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UPDATE: A new poll out of Michigan suggests that Mitt Romney has managed to regain his lead ahead of next week's GOP primary.
According to the Mitchell Research/Rosetta Stone poll survey, the Great Lakes State-born Romney has a 2-point lead on Rick Santorum, 32 percent to 30. Newt Gingrich and Ron Paul round out the field with 9 percent and 7 percent, respectively. The same poll from last week found Santorum up by 9 points.
Romney's new lead is within the poll's margin of error, but nonetheless continues a recent polling trend that suggests Romney's heavy spending in Michigan has helped him right the ship ahead of what is seen as a crucial primary test for the one-time clear national front-runner. (A new national poll out Tuesday suggests that Santorum is the one who can now lay claim to that title.)
Here's how MRC pollster Steve Mitchell sees it:
"Reports show Romney is spending twice as much on media as Santorum and it would seem as though it is having an impact. Romney has turned the race around and has gone back into the lead by 2%. Romney has made big inroads with conservatives that had gone to Santorum in the last poll. Santorum's lead among Tea Party voters has been cut from 15% to 5%, his lead with Evangelical Christians has been cut from 16% to 11%, and his huge lead among those that say they are "very conservative" has been cut in half, from 31% to 15%. The strong negative ads being run in Michigan defining Santorum as a big spender have had a huge impact. Romney's message and resources have put him back into the lead."
Monday, Feb. 20: The Republican race was thrown for a loop last week when Public Policy Polling released a survey showing that Rick Santorum had jumped to a 15-point lead in the state where Mitt Romney’s father was governor. Now it looks like Romney is catching up.
The latest PPP poll shows Santorum with 37 percent support, and Romney with 33 percent. Ron Paul is in third place with 15 percent, leaving Newt Gingrich last with 10 percent.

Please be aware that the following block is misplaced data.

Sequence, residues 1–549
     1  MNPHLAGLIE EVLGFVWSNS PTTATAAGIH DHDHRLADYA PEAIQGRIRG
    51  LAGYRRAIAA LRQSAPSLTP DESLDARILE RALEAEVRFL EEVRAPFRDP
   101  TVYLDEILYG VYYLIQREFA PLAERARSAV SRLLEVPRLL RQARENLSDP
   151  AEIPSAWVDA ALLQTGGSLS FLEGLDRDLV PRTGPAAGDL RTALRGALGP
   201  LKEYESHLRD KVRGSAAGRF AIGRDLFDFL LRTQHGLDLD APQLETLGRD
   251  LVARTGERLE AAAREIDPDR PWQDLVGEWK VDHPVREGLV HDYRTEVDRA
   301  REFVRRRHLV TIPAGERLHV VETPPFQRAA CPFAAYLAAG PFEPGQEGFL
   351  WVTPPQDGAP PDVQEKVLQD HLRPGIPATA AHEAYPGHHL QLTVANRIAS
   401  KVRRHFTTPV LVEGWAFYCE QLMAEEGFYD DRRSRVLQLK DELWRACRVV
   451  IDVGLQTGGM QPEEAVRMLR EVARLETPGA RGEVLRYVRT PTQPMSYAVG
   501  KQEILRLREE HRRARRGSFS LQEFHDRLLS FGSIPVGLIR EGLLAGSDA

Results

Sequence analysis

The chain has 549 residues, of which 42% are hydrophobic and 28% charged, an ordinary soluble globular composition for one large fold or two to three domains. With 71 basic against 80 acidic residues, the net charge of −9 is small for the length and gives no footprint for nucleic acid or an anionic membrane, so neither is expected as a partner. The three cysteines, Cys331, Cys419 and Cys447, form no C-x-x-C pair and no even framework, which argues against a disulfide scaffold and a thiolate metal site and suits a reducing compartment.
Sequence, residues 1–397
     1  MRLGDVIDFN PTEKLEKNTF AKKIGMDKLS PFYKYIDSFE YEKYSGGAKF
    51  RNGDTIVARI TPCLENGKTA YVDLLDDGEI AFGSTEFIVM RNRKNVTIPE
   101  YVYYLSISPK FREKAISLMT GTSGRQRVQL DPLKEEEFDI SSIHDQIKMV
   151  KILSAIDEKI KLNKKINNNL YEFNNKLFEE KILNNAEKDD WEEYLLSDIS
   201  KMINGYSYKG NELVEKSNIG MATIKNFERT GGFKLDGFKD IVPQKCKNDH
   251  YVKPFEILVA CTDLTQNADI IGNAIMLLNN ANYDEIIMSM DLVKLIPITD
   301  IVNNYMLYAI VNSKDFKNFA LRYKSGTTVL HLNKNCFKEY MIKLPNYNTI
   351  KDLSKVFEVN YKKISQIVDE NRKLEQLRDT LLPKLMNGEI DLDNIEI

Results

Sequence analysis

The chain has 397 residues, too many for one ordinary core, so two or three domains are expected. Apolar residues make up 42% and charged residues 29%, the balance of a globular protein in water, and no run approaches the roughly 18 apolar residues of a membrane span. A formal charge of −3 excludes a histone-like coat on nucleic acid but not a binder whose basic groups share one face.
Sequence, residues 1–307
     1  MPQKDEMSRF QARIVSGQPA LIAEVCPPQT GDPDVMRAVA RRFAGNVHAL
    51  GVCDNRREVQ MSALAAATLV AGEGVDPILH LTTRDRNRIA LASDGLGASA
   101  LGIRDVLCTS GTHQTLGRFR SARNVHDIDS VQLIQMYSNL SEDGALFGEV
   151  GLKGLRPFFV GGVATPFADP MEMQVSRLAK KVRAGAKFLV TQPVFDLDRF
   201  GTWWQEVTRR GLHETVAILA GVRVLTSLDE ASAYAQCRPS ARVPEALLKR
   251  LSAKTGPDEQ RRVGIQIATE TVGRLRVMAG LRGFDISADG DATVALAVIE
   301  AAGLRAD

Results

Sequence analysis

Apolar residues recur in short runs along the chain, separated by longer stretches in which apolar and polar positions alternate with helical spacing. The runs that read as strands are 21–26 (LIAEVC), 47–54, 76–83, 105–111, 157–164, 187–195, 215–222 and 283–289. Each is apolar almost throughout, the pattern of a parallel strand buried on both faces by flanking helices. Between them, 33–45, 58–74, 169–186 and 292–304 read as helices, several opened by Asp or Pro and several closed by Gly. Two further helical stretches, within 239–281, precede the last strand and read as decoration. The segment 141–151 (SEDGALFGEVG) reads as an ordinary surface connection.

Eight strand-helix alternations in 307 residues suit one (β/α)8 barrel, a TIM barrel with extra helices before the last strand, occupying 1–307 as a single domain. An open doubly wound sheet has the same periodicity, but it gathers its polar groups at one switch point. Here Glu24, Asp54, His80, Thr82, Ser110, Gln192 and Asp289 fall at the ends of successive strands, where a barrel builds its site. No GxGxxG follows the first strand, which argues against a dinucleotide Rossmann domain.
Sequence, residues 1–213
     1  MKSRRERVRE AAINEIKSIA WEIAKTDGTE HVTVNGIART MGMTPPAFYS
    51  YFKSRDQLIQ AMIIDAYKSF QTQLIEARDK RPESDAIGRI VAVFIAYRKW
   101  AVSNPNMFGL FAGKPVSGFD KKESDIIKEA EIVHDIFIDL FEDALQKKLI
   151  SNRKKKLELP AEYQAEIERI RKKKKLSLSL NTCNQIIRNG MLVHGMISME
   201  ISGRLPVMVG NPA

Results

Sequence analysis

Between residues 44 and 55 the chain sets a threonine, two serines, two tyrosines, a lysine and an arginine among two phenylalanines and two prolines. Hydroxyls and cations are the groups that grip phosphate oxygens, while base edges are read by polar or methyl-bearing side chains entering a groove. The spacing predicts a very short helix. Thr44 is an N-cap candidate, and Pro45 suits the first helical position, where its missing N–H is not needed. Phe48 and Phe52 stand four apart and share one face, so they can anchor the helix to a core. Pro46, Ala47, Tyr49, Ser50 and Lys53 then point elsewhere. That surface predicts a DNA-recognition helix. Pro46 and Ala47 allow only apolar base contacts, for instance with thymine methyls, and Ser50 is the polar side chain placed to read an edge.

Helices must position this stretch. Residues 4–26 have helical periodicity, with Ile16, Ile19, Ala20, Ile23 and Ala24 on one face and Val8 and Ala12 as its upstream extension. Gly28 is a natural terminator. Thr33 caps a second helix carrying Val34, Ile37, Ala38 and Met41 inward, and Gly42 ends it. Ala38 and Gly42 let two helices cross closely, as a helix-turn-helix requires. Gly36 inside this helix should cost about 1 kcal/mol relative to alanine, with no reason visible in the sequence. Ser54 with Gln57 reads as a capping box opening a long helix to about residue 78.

The tightening of the race “is much more a function of Romney gaining than Santorum falling,” notes PPP. Santorum only dropped two points from last week, whereas Romney saw a nine-point increase in support as well as a jump in his favorability ratings. Newt Gingrich’s continued presence in the race seems to be a big advantage for Romney at this point as 45 percent of his voters would go to Santorum if he were to drop out, compared to 29 percent for Romney.
By far the most interesting factor about this latest survey is that while Democrats have been working hard to remind voters about Romney’s opposition to the auto bailouts, including a 2008 New York Times op-ed titled “Let Detroit Go Bankrupt,” his stance might actually help him in the Michigan primary.
Among Republican voters in the state, the contention that the bailout was a gift from Democrats to unions seems to be gaining steam, notes Politico. Thirty-four percent of Republicans say they’re more likely to vote for someone who opposes the bailout, while 27 percent see it as a negative.
“Rick Santorum continues to have the lead in Michigan, but momentum is now on Mitt Romney’s side,” said Dean Debnam, president of Public Policy Polling. The race is also likely to continue tightening before voters go to the polls Feb. 28.
While Republican insiders have increasingly said that a Romney loss in Michigan would be disastrous to his campaign, advisers for the former governor are busy lowering expectations.
“Four years ago we won all three of three of those states [Michigan, Utah and Massachusetts]. Is any one of them a must-win for Mitt Romney? No,” senior Romney adviser Eric Fehrnstrom said, according to the Hill. He also dismissed the idea that Michigan is Romney’s true home state.
Michigan residents appear to feel the same way. A mere 29 percent of Republicans in the state consider Romney a Michigander, according to the PPP poll.